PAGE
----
de·​bil·​i·​ty | \ di-ˈbi-lə-tē How to pronounce debility (audio) , dē- \
plural debilities

Definition of debility

Examples of debility in a Sentence

The disease leads to debility but rarely kills. the debilities of elderly people
Recent Examples on the Web At 40, Baudelaire was a shadow of his former self, crushed by unrepayable debts, suffering the aftereffects of a seemingly minor stroke, and facing the onset of syphilitic debility. Washington Post, 11 May 2022 Rereading recently the Snopes and Studs Lonigan trilogies, I was struck by their insight into the emotional debility and ruthlessness of socially mobile men. New York Times, 3 Mar. 2022 And how much of it is a function of the negative way the disease or debility is received by society? Damon Linker, The Week, 21 Dec. 2021 We should be allowed to recognize when a serious condition is exploited simply to showcase debility. Armond White, National Review, 17 Dec. 2021 Death, loss, distemper, debility: these have haunted his art ever since. New York Times, 22 July 2021 The phenomenon of post-viral malaise and debility is not new. Prudy Gourguechon, Forbes, 10 June 2021 The 25th Amendment deals with cases of genuine debility, such as might arise if the president became seriously ill. John Yoo, WSJ, 2 Oct. 2020 What began as a bad cold frequently led to complete debility. John Gurda, Milwaukee Journal Sentinel, 26 Mar. 2020 See More

These example sentences are selected automatically from various online news sources to reflect current usage of the word 'debility.' Views expressed in the examples do not represent the opinion of Merriam-Webster or its editors. Send us feedback.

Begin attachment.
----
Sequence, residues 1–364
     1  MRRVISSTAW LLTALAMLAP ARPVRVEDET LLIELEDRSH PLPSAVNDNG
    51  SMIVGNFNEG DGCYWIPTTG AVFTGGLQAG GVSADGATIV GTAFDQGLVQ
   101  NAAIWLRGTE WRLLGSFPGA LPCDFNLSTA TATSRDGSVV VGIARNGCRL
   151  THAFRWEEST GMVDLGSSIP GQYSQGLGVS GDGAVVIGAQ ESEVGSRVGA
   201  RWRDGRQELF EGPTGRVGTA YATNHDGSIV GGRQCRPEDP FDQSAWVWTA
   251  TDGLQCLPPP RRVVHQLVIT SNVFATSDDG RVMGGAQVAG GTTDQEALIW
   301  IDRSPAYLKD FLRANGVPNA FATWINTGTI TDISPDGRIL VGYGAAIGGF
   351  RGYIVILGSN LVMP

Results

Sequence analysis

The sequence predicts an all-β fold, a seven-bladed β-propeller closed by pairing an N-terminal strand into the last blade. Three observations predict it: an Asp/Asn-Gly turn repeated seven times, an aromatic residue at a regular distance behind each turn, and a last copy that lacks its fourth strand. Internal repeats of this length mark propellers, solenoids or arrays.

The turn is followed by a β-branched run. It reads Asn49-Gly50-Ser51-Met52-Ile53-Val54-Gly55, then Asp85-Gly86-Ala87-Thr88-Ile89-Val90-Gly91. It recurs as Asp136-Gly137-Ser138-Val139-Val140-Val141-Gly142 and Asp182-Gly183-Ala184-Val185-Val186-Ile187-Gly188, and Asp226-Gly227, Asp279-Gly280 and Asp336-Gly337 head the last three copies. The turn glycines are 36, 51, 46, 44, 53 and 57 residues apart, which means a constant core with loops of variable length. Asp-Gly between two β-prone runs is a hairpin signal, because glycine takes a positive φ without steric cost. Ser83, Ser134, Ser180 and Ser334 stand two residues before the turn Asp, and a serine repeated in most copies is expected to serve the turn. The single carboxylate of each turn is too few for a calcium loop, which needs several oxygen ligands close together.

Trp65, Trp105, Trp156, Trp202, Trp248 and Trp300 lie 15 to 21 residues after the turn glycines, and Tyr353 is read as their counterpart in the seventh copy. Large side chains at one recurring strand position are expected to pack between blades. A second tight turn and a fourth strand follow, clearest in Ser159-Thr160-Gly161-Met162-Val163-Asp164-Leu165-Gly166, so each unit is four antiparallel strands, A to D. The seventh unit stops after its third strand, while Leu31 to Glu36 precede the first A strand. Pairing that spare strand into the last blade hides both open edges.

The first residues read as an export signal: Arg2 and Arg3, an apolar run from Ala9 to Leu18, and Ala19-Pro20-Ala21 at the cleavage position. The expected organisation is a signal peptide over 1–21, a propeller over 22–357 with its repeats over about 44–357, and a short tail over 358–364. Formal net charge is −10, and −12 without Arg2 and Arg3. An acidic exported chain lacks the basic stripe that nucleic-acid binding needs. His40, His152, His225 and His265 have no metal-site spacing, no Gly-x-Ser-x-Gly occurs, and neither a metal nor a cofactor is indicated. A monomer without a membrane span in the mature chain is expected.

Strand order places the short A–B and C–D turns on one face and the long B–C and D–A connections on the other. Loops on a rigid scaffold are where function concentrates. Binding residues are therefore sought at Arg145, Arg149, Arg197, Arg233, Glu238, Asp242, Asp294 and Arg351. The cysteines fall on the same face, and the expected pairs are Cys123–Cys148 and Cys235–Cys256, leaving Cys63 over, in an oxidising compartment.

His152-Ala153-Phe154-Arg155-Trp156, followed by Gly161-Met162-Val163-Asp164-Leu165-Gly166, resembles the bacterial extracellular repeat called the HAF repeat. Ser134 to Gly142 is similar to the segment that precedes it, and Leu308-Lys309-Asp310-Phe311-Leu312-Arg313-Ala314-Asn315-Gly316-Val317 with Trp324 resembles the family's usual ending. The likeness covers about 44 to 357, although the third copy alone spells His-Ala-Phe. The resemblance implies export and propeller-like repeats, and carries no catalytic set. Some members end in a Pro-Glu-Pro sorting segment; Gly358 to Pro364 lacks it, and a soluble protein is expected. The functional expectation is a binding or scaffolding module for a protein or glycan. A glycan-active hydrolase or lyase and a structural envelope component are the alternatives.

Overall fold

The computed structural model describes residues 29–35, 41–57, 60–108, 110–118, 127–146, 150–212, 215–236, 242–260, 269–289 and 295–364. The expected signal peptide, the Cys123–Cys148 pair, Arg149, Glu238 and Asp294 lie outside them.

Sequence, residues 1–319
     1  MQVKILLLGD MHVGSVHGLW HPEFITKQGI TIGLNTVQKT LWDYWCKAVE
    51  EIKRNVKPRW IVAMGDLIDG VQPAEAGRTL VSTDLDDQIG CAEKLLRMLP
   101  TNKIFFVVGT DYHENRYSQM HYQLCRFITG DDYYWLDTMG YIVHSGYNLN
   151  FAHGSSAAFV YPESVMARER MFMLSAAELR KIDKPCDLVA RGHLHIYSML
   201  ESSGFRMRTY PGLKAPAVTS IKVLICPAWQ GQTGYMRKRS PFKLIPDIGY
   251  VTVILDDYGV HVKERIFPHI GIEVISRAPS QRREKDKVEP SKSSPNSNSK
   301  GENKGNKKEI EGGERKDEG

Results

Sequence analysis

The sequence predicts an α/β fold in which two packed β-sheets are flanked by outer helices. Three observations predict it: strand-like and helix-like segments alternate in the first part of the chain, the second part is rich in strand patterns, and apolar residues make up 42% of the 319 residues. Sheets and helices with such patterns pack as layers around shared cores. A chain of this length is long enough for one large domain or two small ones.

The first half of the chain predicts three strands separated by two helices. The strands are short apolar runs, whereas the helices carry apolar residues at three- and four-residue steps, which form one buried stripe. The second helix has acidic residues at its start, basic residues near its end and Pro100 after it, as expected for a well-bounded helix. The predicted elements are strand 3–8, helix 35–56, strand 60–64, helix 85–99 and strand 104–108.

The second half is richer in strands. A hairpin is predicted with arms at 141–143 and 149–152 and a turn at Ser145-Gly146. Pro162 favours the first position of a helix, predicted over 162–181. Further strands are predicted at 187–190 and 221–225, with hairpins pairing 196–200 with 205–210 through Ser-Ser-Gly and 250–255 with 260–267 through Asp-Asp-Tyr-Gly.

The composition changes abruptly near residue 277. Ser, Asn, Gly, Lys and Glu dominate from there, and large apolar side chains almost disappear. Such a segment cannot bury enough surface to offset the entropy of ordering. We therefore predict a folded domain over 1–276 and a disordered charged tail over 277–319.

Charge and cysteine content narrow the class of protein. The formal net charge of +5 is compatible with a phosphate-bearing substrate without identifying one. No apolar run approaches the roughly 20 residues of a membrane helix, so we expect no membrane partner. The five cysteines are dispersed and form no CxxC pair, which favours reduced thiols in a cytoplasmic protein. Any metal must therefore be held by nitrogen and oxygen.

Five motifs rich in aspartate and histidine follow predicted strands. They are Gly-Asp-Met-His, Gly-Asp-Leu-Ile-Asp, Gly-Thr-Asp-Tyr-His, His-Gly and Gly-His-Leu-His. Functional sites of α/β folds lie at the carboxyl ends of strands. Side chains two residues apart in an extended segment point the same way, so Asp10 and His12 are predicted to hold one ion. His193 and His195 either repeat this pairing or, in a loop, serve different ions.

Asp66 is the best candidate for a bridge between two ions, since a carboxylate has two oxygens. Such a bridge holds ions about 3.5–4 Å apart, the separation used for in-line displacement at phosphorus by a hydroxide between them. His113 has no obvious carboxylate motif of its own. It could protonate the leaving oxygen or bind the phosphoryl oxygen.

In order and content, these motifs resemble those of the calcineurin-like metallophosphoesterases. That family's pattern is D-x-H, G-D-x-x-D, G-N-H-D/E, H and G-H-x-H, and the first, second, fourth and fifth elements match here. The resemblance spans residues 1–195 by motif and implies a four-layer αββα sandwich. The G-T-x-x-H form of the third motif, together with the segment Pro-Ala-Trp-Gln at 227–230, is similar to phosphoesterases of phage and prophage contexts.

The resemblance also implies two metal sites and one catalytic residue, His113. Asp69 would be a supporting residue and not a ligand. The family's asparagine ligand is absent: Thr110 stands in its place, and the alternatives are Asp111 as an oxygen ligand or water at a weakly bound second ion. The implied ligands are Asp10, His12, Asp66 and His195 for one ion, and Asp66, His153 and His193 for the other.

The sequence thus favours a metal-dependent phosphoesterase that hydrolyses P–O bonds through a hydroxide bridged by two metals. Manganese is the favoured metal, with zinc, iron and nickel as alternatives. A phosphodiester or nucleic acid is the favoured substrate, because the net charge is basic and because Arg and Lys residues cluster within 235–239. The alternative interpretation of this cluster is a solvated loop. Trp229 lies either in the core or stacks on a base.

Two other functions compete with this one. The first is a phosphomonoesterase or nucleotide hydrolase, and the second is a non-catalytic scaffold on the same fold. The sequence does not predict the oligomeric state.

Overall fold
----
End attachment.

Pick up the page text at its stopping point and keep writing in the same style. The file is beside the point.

First Known Use of debility

15th century, in the meaning defined above

History and Etymology for debility

Middle English debilite, from Middle French debilité, from Latin debilitat-, debilitas, from debilis, from de- de- + -bilis; akin to Sanskrit bala strength

Learn More About debility

Time Traveler for debility

Time Traveler

The first known use of debility was in the 15th century

See more words from the same century

Dictionary Entries Near debility




See More Nearby Entries 

Statistics for debility

Last Updated

15 May 2022

Cite this Entry

“Debility.” Dictionary, Merriam-Webster, Accessed 22 May. 2022.

Style: MLA
MLACheck Mark Icon ChicagoCheck Mark Icon APACheck Mark Icon Merriam-WebsterCheck Mark Icon

More Definitions for debility


de·​bil·​i·​ty | \ di-ˈbi-lə-tē How to pronounce debility (audio) \
plural debilities

Kids Definition of debility

: a weakened state especially of health


de·​bil·​i·​ty | \ di-ˈbil-ət-ē How to pronounce debility (audio) \
plural debilities

Medical Definition of debility

: the quality or state of being weak, feeble, or infirm especially : physical weakness

More from Merriam-Webster on debility

Nglish: Translation of debility for Spanish Speakers

Britannica English: Translation of debility for Arabic Speakers


Test Your Vocabulary

Which Word Does Not Belong?

  • one green toy robot amidst many red toy robots
  • Which of these words does not mean "nonsense"?
How Strong Is Your Vocabulary?

Test your vocabulary with our 10-question quiz!

Universal Daily Crossword

A daily challenge for crossword fanatics.

Love words? Need even more definitions?

Subscribe to America's largest dictionary and get thousands more definitions and advanced search—ad free!